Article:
The NMa recently assessed buyer power in two separate concentration cases with differing outcome. In one case, it came to the conclusion that a 90-100% market share on a purchasing market for cattle is not problematic in view of the parties’ modest market share on the sales market. In the other case, the NMa ruled that the potentially adverse effects of a 80% purchasing market share on healthcare markets warrants a further review in a second phase merger investigation. In both cases, the NMa refers to the European Commission’s guidelines on horizontal mergers.8

The NMa finds consumers may benefit from the creation or strengthening of buyer power. A purchaser subject to competitive pressure on the downstream market is likely to use its buyer power on the upstream market to obtain benefits to pass on to its consumers. For instance, if increased buyer power lowers input costs without restricting downstream competition, a proportion of these cost reductions are likely to be passed onto consumers through lower prices. The NMa will consider adverse buyer power effects only in the context of their impact on competition on the downstream sales market, for instance, if rivals are restricted in their access to important upstream input or prices are temporarily reduced to force competitors to leave the market.

In Van Drie Holding’s acquisition of its rival veal producer Alpuro Holding9, the NMa assessed the concentration’s buyer power in more detail, since both parties were active throughout the entire veal production chain. The parties’ combined market share on the upstream calf slaughtering market amounted to approximately 90-100% (Van Drie: 60-70%; Alpuro: 20-30%). As a result, a significant alternative for calf slaughtering would be lost for upstream players. However, the NMa considered it unlikely that the parties would be able to adversely affect retail veal prices, taking account of their modest market share on the European sales market and the limited reliance of foreign slaughterhouses on Dutch fattened calves.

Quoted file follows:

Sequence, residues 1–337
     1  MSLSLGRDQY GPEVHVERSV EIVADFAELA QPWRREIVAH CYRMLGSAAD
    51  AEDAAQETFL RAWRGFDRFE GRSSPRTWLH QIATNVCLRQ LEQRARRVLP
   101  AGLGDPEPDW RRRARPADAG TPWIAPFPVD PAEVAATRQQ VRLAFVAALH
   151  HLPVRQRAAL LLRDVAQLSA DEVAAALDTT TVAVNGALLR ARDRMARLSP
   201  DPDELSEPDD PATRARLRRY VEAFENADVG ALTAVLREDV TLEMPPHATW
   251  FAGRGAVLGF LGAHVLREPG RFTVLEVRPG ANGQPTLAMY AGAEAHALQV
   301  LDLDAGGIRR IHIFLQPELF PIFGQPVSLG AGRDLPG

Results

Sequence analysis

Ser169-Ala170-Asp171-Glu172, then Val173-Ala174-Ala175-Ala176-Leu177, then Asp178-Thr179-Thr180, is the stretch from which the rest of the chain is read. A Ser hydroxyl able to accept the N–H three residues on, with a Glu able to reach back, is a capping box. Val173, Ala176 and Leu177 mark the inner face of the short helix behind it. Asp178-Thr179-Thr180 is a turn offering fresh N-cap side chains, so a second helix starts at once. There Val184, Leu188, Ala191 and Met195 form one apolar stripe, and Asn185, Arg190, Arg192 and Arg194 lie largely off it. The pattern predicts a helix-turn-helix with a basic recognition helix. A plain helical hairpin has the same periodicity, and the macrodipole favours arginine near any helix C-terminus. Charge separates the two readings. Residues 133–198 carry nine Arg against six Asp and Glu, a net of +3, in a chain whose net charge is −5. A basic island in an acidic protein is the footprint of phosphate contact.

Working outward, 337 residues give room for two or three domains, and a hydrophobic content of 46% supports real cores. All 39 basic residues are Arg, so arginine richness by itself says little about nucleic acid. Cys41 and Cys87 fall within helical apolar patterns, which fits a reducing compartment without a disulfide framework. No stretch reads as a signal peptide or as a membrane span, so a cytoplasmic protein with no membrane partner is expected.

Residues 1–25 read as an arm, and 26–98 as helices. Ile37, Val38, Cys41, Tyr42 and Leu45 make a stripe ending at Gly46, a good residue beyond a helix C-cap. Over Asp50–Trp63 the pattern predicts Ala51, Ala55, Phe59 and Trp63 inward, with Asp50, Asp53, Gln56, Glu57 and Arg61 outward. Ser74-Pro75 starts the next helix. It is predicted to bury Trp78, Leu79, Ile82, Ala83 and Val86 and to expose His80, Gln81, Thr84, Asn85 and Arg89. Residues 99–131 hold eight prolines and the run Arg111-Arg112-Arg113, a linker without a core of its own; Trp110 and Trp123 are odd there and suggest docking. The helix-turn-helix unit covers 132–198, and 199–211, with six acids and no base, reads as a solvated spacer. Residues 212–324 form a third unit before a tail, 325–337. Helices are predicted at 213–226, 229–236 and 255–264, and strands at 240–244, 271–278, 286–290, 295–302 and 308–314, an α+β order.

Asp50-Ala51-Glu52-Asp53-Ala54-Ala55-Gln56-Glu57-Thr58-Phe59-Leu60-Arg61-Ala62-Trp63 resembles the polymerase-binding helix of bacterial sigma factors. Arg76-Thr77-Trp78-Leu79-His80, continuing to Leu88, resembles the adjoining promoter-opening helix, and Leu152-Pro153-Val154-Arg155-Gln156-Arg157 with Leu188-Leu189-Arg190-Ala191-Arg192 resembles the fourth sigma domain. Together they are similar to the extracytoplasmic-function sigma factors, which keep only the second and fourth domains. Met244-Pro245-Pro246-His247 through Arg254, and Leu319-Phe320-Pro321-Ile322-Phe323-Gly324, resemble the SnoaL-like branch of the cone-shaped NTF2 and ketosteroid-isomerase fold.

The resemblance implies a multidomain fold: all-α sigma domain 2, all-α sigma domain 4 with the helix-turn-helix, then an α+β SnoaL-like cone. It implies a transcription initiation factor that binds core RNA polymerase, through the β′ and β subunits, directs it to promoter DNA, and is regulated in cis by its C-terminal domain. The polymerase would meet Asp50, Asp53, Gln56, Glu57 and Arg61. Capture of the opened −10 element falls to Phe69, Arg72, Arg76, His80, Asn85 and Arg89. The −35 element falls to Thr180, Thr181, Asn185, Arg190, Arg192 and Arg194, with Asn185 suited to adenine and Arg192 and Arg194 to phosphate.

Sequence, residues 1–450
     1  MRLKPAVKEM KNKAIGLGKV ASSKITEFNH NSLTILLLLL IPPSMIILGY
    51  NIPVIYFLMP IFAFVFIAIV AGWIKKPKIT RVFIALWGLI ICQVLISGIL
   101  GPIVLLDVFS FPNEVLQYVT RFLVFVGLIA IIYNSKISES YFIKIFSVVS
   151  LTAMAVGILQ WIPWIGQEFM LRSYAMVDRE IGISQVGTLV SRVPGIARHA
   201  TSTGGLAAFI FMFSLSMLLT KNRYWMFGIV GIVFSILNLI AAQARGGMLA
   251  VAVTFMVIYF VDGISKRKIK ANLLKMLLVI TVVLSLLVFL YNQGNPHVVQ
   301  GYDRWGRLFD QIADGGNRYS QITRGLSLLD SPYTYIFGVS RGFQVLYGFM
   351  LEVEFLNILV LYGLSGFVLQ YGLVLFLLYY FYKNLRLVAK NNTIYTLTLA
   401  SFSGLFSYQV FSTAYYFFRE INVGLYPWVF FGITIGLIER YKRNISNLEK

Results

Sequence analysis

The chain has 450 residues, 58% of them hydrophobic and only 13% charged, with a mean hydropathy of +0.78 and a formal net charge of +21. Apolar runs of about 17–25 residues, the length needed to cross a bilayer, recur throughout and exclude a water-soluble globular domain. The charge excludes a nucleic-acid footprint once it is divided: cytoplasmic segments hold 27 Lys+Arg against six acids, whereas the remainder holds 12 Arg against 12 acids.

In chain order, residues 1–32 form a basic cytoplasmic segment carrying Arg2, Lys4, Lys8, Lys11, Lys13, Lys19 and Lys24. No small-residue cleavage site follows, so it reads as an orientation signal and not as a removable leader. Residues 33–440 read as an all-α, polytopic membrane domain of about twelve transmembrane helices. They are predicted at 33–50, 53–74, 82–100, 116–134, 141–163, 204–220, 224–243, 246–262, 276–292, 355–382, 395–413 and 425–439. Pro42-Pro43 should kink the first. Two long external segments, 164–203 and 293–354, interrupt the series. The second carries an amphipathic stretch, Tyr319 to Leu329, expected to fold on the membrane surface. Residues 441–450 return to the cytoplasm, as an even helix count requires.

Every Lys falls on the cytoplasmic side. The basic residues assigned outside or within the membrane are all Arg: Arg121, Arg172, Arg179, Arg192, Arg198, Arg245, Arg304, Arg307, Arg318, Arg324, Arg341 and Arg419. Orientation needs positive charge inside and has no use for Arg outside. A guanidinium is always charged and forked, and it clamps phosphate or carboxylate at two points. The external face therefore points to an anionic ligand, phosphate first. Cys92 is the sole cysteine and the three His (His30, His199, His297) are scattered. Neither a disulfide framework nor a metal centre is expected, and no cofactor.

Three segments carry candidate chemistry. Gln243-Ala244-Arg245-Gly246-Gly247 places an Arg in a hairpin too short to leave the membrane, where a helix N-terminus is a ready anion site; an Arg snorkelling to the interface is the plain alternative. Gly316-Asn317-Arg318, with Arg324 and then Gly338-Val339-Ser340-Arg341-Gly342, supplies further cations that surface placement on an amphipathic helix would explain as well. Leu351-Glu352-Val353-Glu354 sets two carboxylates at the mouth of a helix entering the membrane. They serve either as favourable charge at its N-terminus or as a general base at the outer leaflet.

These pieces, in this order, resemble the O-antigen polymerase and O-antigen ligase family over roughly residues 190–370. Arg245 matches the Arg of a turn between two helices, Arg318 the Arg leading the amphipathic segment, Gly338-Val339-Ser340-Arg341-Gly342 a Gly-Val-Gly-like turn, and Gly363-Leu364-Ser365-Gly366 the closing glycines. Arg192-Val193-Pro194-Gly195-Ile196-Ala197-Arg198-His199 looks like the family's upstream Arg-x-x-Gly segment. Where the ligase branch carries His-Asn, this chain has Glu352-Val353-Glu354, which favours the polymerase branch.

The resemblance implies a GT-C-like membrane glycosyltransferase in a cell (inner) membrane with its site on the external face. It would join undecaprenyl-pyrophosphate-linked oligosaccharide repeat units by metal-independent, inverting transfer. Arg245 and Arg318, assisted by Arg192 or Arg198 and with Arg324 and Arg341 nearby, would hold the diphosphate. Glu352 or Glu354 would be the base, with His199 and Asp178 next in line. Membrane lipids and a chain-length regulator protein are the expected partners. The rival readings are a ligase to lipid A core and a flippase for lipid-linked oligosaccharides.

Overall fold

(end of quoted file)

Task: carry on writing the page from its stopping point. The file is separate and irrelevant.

The NMa came to a different preliminary conclusion on the potentially adverse effects of buyer power in regard to the merger between (health) insurers Achmea and De Friesland.10 The NMa found that the post-merger entity’s strong position (approximately 80% market share) on the potential regional healthcare purchase market in the province of Friesland could reduce the types of healthcare offered by care providers such as hospitals, since these would be subject to the healthcare insurer’s willingness to contract their services. This, in combination with the fact that insurance policy holders are reluctant to switch health insurance providers and tend to use healthcare services close to home, has made the NMa require a second phase investigation to determine the post-merger effects on price, accessibility and quality of healthcare in the province of Friesland.